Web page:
Not sure if anyone of you has tried opening a java .class file using some hex editor. If you haven’t yet, try it once!
The first thing that you will notice on doing so, is it’s very first 4 byte header “CAFE BABE” 😉
Every java class files are identified by 4 byte header (in hex) CA FE BA BE (first 4 entries). This signature is just an easy way of verifying that a block of data really does claim to be an instance of the Java class format. Every Java binary class, even one that isn’t present on the file system, needs to start with these four bytes.
The history of this magic number was explained by James Gosling:-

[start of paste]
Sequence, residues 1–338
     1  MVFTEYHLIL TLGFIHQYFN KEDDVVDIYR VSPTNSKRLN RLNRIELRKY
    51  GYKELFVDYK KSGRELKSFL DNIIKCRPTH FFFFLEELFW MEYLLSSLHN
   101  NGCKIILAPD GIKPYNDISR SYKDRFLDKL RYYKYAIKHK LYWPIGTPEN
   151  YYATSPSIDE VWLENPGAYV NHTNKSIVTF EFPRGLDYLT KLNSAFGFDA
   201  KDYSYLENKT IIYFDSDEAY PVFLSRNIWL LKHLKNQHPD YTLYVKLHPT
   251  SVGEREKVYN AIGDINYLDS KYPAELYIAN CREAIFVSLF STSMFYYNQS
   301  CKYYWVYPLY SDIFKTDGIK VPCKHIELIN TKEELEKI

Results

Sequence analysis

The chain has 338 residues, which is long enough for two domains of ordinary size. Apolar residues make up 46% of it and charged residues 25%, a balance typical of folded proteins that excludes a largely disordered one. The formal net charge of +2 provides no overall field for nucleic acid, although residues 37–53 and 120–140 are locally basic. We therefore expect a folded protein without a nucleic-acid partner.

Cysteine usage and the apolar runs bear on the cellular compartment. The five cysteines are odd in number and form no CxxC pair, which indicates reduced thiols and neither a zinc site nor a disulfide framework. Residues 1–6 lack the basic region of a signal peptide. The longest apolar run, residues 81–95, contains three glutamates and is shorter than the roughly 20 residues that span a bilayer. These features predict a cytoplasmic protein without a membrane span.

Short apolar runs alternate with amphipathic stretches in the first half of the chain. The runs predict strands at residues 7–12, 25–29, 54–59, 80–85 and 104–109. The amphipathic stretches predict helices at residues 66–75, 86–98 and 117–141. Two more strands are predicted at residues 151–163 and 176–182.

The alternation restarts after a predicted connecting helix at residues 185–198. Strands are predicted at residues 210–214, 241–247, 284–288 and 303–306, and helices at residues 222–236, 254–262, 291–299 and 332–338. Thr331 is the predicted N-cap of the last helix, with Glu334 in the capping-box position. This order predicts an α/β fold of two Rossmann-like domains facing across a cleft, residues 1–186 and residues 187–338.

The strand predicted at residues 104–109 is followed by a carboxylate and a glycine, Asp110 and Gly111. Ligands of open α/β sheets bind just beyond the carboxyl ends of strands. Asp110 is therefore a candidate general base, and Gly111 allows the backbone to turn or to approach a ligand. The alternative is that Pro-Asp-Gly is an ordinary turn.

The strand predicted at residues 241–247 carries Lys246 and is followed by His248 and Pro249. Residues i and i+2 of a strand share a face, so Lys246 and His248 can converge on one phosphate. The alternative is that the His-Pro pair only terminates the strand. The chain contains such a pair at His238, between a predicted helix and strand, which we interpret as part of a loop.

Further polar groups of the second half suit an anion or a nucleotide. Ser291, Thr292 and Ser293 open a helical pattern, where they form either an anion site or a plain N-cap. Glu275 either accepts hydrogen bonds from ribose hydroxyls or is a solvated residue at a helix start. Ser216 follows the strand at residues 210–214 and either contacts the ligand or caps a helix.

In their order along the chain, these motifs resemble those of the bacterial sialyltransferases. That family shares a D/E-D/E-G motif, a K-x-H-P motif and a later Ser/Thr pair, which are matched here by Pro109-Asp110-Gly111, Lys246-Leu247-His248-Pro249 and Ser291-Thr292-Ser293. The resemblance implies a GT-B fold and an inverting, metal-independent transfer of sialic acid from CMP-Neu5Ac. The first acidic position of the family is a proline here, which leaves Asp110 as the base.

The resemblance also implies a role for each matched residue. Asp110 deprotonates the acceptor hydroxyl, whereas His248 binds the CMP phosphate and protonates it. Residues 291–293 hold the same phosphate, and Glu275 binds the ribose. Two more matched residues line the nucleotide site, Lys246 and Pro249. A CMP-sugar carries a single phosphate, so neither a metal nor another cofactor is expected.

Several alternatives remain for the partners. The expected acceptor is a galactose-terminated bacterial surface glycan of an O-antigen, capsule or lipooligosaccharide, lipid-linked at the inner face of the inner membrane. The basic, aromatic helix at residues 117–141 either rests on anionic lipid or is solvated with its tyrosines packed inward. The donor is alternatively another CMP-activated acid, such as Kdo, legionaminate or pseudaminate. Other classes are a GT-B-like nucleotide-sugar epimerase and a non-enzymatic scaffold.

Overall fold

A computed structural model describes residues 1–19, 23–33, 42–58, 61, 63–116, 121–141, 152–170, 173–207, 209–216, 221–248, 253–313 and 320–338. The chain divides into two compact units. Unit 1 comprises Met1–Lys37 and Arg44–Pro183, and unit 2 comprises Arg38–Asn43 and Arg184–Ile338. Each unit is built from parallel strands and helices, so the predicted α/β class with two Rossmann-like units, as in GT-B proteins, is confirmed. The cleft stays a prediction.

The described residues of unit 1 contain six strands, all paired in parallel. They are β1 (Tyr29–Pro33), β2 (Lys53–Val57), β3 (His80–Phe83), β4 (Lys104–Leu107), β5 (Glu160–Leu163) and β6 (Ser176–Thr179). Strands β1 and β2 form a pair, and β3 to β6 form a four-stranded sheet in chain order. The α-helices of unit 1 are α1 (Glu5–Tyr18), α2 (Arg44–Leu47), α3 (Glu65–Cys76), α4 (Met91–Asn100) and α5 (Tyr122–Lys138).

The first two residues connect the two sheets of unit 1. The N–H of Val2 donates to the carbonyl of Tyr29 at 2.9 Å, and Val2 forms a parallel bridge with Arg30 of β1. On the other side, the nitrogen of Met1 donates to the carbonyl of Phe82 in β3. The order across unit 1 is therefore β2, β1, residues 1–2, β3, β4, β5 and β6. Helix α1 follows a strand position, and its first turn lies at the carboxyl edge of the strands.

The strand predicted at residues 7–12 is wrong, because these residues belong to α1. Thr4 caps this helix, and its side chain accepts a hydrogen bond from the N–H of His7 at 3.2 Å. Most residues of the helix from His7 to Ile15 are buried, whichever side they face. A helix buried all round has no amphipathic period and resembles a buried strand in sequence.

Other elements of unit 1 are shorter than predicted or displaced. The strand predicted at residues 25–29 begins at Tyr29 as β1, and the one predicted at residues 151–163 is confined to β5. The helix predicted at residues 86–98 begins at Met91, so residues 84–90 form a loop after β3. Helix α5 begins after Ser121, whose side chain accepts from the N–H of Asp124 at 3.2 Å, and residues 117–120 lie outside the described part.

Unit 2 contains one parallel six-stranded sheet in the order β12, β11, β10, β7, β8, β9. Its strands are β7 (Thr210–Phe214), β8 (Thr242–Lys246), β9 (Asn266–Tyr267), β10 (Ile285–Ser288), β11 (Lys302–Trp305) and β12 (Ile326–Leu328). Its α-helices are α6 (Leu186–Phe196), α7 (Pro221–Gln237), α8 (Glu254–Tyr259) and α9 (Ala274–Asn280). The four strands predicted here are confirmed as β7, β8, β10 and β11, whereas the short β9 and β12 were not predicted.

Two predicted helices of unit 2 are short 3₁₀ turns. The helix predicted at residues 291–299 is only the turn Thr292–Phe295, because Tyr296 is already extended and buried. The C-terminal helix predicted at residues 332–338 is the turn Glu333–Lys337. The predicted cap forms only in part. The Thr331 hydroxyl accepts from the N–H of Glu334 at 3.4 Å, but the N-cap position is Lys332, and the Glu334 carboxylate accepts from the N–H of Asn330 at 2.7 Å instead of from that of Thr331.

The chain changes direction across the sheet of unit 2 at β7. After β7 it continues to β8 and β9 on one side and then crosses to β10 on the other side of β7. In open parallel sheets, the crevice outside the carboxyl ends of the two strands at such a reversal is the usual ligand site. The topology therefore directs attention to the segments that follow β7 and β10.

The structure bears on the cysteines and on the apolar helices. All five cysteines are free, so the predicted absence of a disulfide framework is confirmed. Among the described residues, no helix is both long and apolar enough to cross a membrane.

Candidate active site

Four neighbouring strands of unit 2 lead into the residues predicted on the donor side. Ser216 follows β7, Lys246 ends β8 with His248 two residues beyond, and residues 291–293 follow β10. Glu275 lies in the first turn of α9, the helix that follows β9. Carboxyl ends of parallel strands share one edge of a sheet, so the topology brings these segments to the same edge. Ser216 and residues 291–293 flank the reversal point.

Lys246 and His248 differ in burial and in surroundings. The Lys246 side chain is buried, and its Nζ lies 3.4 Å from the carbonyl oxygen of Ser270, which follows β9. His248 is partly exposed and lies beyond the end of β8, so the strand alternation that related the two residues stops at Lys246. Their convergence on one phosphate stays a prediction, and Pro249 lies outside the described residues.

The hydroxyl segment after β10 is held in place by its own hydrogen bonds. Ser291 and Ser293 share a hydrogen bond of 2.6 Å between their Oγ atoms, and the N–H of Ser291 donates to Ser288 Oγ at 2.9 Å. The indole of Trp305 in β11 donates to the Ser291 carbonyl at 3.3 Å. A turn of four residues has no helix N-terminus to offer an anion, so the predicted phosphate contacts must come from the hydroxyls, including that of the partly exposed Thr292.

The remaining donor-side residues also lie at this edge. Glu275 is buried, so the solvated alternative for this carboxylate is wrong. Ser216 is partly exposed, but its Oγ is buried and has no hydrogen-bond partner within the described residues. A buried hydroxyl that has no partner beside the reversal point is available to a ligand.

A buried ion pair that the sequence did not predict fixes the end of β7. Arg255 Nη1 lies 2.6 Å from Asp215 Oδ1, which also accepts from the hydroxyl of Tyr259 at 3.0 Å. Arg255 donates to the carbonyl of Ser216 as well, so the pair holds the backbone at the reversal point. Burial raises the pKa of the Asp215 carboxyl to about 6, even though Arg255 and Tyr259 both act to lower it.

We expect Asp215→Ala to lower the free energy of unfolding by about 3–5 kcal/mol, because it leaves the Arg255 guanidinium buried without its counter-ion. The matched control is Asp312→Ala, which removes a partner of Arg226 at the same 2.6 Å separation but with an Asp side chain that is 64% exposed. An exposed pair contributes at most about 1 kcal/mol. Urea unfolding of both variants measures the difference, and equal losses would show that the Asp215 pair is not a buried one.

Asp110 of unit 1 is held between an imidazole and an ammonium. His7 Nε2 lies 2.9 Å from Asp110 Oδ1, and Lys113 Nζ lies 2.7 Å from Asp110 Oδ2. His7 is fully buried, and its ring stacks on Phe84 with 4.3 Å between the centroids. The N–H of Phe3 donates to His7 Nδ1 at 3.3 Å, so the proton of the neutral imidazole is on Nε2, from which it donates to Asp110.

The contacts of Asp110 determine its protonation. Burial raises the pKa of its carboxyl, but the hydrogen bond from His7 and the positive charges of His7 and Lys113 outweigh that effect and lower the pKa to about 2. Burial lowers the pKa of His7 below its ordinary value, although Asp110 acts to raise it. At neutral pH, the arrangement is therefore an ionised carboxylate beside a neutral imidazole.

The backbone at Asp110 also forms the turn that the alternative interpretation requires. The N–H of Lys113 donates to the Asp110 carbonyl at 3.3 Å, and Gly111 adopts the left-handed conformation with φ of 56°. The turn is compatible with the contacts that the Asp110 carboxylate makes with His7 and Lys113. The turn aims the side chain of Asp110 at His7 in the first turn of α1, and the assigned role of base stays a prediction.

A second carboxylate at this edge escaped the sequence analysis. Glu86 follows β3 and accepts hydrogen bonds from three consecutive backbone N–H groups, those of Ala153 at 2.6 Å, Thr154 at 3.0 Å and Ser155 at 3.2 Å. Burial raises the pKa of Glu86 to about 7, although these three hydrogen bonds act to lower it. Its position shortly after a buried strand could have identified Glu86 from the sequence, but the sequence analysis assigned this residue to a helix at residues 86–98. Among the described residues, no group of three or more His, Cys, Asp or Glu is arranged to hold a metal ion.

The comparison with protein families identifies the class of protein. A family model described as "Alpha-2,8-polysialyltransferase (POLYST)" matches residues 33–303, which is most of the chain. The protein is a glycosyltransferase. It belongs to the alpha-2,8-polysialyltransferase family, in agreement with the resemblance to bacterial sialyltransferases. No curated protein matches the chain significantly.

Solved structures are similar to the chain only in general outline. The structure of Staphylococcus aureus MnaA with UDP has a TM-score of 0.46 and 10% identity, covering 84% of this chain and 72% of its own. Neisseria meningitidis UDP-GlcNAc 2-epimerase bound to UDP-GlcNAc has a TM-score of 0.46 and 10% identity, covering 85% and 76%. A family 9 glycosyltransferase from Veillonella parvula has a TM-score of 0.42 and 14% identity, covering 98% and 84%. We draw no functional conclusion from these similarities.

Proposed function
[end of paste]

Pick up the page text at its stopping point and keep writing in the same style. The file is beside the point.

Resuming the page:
“We used to go to lunch at a place called St Michael’s Alley. According to local legend, in the deep dark past, the Grateful Dead used to perform there before they made it big. It was a pretty funky place that was definitely a Grateful Dead Kinda Place. When Jerry died, they even put up a little Buddhist-esque shrine. When we used to go there, we referred to the place as Cafe Dead. Somewhere along the line it was noticed that this was a HEX number. I was re-vamping some file format code and needed a couple of magic numbers: one for the persistent object file, and one for classes. I used CAFEDEAD for the object file format, and in grepping for 4 character hex words that fit after “CAFE” (it seemed to be a good theme) I hit on BABE and decided to use it. At that time, it didn’t seem terribly important or destined to go anywhere but the trash-can of history. So CAFEBABE became the class file format, and CAFEDEAD was the persistent object format. But the persistent object facility went away, and along with it went the use of CAFEDEAD – it was eventually replaced by RMI.”